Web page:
Aarti Shahani

Aarti Shahani is an NPR correspondent. She is currently on leave, writing her first book. It's the story of her immigrant family—shopkeepers who got a taste of the American Dream and the American Nightmare (Celadon Books, Fall 2019).

Based in Silicon Valley, Shahani covers the biggest companies on earth for NPR's Business Desk. Her reporting pinpoints how economies and human relationships are being radically redefined by the tech sector.

Shahani has an unconventional path. Journalism is her second career. Before it, she was a community organizer in her native New York City, helping prisoners and families being deported from the U.S. She loves learning from brilliant, intense people—be they the engineers who are building self-driving cars, or the jailhouse lawyers filing laser-sharp habeas petitions.

Shahani received a Master in Public Policy degree from Harvard's Kennedy School of Government, with generous support from the University and the Paul & Daisy Soros fellowship. She has a bachelor's degree from the University of Chicago. Her reporting has been honored with awards from the Society of Professional Journalists, a regional Edward R. Murrow Award, and an Investigative Reporters & Editors Award.

Updated at 11:29 a.m. ET

Google is quietly assuming the role of Huawei emissary, according to a senior Huawei official, in effect negotiating with the Commerce Department on behalf of the Chinese telecom giant that has been blacklisted in the U.S.

Lolita De Sola has been singing about home. An emerging musician from Caracas, she made the hard decision last year to leave Venezuela and flee north to Mexico City. The move allowed De Sola to release her first album, Cattleya — which she says she couldn't have made at home given Venezuela's current political and economic turmoil.

"When you have a dictatorship or crisis, the first thing that goes away is culture," she says. "Because you need food. You need more, you know, basic stuff first. Then culture."

The U.S. has long exported its culture abroad — think Coca-Cola, Hollywood and hip-hop. Facebook was once praised for spreading free-speech values. But the world is pushing back with different values, which Facebook is importing to the U.S. with the company's ban on white extremist content.

Two words for you: flying taxis. That's right. In the not-so-distant future, you'll open your ride-hailing app and, in addition to ground options like car, SUV, scooter or bicycle, you'll see on-demand air flight.

At least that's according to the optimists at South by Southwest, the annual tech-music-film convention in Austin, Texas.

Over the weekend in Austin, Texas, South by Southwest became a major presidential forum. More than half a dozen candidates showed up to the annual music, arts and technology convention. Democrats competed with each other to be the tough-on-tech candidate, a development in line with the party's move to the left but at odds with its reliance on tech donors.

Updated at 4:44 p.m. ET June 6

On Tuesday, California held its congressional primaries and in one largely rural district, there was a new kind of money entering politics: payments to Facebook, where messages can be sharply targeted and it's cheaper to advertise than on radio, TV or newspapers.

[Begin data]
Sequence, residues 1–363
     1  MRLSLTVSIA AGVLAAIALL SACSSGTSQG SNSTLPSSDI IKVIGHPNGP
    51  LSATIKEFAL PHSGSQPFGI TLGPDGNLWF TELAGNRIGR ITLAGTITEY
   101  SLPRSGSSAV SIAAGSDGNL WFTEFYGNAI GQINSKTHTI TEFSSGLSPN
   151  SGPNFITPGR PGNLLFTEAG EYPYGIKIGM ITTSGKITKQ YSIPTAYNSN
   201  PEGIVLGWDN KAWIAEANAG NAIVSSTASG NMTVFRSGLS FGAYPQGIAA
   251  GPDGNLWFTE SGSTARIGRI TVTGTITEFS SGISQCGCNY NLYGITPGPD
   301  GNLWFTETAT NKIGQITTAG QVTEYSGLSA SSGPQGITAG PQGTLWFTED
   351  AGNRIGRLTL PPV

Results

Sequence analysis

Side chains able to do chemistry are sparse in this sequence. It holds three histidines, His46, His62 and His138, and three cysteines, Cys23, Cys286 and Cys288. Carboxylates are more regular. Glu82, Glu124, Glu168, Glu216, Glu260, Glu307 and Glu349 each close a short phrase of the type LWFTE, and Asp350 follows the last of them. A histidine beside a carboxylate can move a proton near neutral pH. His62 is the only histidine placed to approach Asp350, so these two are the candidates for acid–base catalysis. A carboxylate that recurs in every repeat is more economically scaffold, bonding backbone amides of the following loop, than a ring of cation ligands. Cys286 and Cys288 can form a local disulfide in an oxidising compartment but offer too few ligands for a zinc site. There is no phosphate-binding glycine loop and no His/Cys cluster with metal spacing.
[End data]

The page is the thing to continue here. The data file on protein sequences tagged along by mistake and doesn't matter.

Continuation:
In California's 4th Congressional District, one political novice bought his way into relevance using the social network, and has helped shape a hotly contested Democratic race, stirring up animosity in the process.

As Facebook struggles to repair its image after a global privacy scandal, the social media giant is trying to make the platform a place that Mark Zuckerberg says encourages "meaningful interactions between people."

One person who embodies Zuckerberg's message is Lola Omolola, an ebullient 41-year-old Nigerian-American woman who was highlighted at Facebook's annual conference in May.

Lyft is unveiling a new education program for drivers, offering access to discounted GED and college courses online. The move is an interesting experiment in the gig economy, where a growing class of workers receive zero benefits from a boss and yet competition for their time is fierce.

Many Lyft drivers see their work for the company as a stopgap measure, a flexible way to make money while they try to build a career.

Facebook says 126 million people may have seen Russian content aimed at influencing Americans. Lawmakers on Capitol Hill want to weed out Russian operatives and extremist propaganda from Facebook.

But savvy marketers — people who've used Facebook's advertising platform since its inception — say that social media giant will find it hard to banish nefarious actors because its technology is designed to be wide open and simple to use.

Satya Nadella's new book is called Hit Refresh (like when you reload a webpage). And in it, the CEO of Microsoft doesn't focus on the remarkable story of his climb from middle-class kid in India to head of an American tech giant. Instead, he explores at length a feeling he's working to cultivate in himself: empathy.

It doesn't come as a surprise to people that big names like Facebook, Google, Apple and Amazon are among the five or 10 most valuable companies on earth. But the fact that Microsoft is also on that shortlist surprises people.

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